Regarding the first, in many cities the taxi sector is highly fragmented: medallion owners lease medallions to management companies, who lease them to cab companies, who lease cabs to drivers. Fragmented industries with multiple intermediaries between owners and workers pose serious regulatory challenges, as I have argued elsewhere, because they give rise to enormous monitoring costs and collective action problems. Not so Uber. It is General Motors in comparison—an industrial behemoth that can unilaterally set terms for hundreds of thousands of drivers.

Regarding the second, regulators could push Uber to use its enormous data collection and management capacity to shape drivers’ behavior. For example, Uber could deactivate the accounts of drivers who consistently refuse to take fares to low-income and minority neighborhoods, or from passengers with names that appear African-American or Hispanic. When a traditional taxi does not stop for an African-American rider, in contrast, nobody but the driver and victim know. My point here echoes Columbia Law’s own William Simon, who has argued that regulators and privacy advocates ought to pay more heed to “the potential contributions of new technologies to both order and justice.”

The multi-billion dollar question going forward will be whether Uber in fact employs its drivers. I am happy to admit I got this one slightly wrong in my essay, as two recent federal courts denied Uber’s and Lyft’s motions to dismiss putative class actions, holding that juries must decide whether those drivers are employees. If that happens, drivers would be entitled to various benefits such as minimum wages, overtime pay, workers compensation, unemployment insurance, and even collective bargaining rights. That would force Uber and Lyft to fundamentally change their business models, and they will surely appeal.

Judge Vince Chhabria’s order denying Lyft’s motion to dismiss is worth a read, because it recognizes two aspects of the employment question that often elude judges and commentators. First, Judge Chhabria notes that the jury “will be handed a square peg and asked to choose between two round holes.” Lyft drivers aren’t classic employees, he reasons, because they faced basically no regulations about their appearance or their vehicles’ appearance, their work schedules, or their work locations. Yet, the Judge reasoned, Lyft drivers also are not classic independent contractors—think of a plumber or carpenter—because they have no special skills, and because their activities are a central part of Lyft’s business. The law simply doesn’t have a category for this sort of work.

Second, Judge Chhabria’s opinion recognizes that employment status is fundamentally a value judgment based on considerations of power and fairness. For example, he wrote that minimum wage laws target the “‘weakest and most helpless class’ of workers,” because such workers need state protection “against the bargaining advantage employers have over employees.”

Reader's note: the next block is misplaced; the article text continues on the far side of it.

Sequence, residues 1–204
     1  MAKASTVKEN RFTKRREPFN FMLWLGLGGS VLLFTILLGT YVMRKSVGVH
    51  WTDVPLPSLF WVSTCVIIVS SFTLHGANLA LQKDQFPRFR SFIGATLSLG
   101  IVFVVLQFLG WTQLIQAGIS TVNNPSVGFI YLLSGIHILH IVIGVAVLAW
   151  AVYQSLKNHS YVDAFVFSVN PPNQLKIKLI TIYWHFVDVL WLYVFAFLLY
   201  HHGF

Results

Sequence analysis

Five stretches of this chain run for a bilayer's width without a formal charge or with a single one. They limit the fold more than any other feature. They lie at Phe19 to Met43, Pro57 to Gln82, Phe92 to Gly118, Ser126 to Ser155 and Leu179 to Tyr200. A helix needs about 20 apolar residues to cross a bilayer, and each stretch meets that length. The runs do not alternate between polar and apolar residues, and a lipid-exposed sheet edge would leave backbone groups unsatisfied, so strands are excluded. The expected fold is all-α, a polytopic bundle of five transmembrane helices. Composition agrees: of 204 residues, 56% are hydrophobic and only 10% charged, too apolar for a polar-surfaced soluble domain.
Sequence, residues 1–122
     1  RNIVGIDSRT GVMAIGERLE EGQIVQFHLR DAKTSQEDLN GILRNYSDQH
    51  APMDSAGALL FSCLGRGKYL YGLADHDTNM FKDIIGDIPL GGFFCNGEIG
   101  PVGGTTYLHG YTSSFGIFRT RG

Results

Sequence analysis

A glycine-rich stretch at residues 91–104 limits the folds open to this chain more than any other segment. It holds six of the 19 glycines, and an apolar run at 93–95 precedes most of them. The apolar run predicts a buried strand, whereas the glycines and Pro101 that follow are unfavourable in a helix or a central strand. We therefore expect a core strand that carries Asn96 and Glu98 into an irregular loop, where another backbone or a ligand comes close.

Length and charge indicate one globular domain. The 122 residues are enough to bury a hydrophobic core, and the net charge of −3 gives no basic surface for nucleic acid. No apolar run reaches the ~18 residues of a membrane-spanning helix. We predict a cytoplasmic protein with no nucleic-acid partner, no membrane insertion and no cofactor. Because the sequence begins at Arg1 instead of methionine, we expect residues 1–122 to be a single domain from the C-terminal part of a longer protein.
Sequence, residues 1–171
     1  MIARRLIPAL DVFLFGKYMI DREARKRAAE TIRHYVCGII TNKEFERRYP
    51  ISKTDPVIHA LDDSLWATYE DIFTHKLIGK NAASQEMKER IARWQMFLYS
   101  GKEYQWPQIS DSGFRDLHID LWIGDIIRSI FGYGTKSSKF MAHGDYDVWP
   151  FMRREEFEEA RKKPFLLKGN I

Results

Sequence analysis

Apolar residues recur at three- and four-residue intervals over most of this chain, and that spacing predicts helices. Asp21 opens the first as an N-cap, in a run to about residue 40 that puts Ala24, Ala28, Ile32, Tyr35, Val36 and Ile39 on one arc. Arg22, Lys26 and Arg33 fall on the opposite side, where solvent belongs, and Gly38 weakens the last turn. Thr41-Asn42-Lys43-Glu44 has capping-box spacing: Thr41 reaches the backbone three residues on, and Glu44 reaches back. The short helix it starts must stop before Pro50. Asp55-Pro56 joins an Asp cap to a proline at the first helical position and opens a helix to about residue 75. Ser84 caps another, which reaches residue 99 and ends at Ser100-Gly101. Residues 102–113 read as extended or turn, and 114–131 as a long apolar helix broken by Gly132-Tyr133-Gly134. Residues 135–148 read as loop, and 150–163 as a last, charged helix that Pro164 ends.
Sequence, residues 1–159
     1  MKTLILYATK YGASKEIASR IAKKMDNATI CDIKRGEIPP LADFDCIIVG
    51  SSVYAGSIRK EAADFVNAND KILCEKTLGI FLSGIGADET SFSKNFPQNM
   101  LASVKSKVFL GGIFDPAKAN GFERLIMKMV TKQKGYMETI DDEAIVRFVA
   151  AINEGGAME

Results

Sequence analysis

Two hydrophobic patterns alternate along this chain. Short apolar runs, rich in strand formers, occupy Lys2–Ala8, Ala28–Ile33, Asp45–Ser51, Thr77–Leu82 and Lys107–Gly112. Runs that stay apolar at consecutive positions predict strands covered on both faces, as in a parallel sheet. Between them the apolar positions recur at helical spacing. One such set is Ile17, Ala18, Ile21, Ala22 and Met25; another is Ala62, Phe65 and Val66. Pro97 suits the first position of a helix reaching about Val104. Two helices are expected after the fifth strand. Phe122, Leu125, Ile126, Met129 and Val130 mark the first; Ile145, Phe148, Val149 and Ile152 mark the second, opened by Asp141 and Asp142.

In good legal realist fashion, I would push further and pose the question this way: are Uber and Lyft’s practices causing such significant social costs that it is appropriate to hold them to the duties traditionally associated with employment? There is no easy answer. Surely many drivers are dissatisfied with Uber and Lyft, especially insofar as the companies led them to believe they would earn more after lease costs, taxes, and depreciation. But just as surely, many drivers are working part-time, in cars they already own or lease, and are quite happy with the arrangement.

Which brings me back to more basic questions about this new business model, and about the net social costs of existing taxi regulations. Can Uber and Lyft really ensure high-quality and low-cost service while also enabling drivers to earn a decent living? If so, then they could leverage their goodwill with drivers and passengers to press for new laws clarifying drivers’ status rather than taking their chances with juries. In my mind, the right balance might involve holding Uber and Lyft to some employment duties while exempting them from others, and imposing antidiscrimination duties and insurance requirements. Properly regulated, such companies could significantly increase welfare while respecting core public values.

The preceding post comes to us from Brishen Rogers, Associate Professor of Law at Temple University Beasley School of Law.  The post is based on his recent article, which is entitled “The Social Costs of Uber” and is available here.